RackSched: A Microsecond-Scale Scheduler for Rack-Scale Computers


Hang Zhu, Johns Hopkins University; Kostis Kaffes, Stanford University; Zixu Chen, Johns Hopkins University; Zhenming Liu, College of William and Mary; Christos Kozyrakis, Stanford University; Ion Stoica, UC Berkeley; Xin Jin, Johns Hopkins University


Low-latency online services have strict Service Level Objectives (SLOs) that require datacenter systems to support high throughput at microsecond-scale tail latency. Dataplane operating systems have been designed to scale up multi-core servers with minimal overhead for such SLOs. However, as application demands continue to increase, scaling up is not enough, and serving larger demands requires these systems to scale out to multiple servers in a rack. We present RackSched, the first rack-level microsecond-scale scheduler that provides the abstraction of a rack-scale computer (i.e., a huge server with hundreds to thousands of cores) to an external service with network-system co-design. The core of RackSched is a two-layer scheduling framework that integrates inter-server scheduling in the top-of-rack (ToR) switch with intra-server scheduling in each server. We use a combination of analytical results and simulations to show that it provides near-optimal performance as centralized scheduling policies, and is robust for both low-dispersion and high-dispersion workloads. We design a custom switch data plane for the inter-server scheduler, which realizes power-of-k- choices, ensures request affinity, and tracks server loads accurately and efficiently. We implement a RackSched prototype on a cluster of commodity servers connected by a Barefoot Tofino switch. End-to-end experiments on a twelve-server testbed show that RackSched improves the throughput by up to 1.44x, and scales out the throughput near linearly, while maintaining the same tail latency as one server until the system is saturated.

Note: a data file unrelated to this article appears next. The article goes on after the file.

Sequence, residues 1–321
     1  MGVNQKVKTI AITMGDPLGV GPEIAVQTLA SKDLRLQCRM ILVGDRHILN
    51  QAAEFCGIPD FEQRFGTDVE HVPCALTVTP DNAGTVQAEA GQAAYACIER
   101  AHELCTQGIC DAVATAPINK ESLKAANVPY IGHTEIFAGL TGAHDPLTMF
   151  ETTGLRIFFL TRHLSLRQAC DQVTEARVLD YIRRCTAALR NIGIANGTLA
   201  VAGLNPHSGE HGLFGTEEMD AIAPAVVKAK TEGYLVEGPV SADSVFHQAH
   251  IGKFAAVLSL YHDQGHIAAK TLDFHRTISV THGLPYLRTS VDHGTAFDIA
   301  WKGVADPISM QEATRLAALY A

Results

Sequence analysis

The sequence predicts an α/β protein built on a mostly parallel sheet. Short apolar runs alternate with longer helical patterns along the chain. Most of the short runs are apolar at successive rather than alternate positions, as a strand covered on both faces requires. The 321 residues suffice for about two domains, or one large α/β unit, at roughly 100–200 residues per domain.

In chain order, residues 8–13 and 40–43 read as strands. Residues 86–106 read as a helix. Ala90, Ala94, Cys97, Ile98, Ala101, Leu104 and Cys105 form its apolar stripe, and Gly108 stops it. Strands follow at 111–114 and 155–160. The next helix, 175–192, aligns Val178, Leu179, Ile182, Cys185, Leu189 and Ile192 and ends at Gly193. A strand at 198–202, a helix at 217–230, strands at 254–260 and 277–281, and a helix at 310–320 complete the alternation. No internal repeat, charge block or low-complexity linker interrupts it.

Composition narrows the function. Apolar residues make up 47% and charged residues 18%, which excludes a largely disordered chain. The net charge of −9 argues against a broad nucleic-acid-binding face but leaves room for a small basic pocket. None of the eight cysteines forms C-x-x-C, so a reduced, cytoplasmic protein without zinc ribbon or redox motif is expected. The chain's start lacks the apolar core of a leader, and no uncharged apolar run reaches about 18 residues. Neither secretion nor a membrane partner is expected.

Open Access Media

USENIX is committed to Open Access to the research presented at our events. Papers and proceedings are freely available to everyone once the event begins. Any video, audio, and/or slides that are posted after the event are also free and open to everyone. Support USENIX and our commitment to Open Access.

@inproceedings {258866,
author = {Hang Zhu and Kostis Kaffes and Zixu Chen and Zhenming Liu and Christos Kozyrakis and Ion Stoica and Xin Jin},
title = {{RackSched}: A {Microsecond-Scale} Scheduler for {Rack-Scale} Computers},
booktitle = {14th USENIX Symposium on Operating Systems Design and Implementation (OSDI 20)},
year = {2020},
isbn = {978-1-939133-19-9},
pages = {1225--1240},
url = {https://www.usenix.org/conference/osdi20/presentation/zhu},
publisher = {USENIX Association},
month = nov

Presentation Video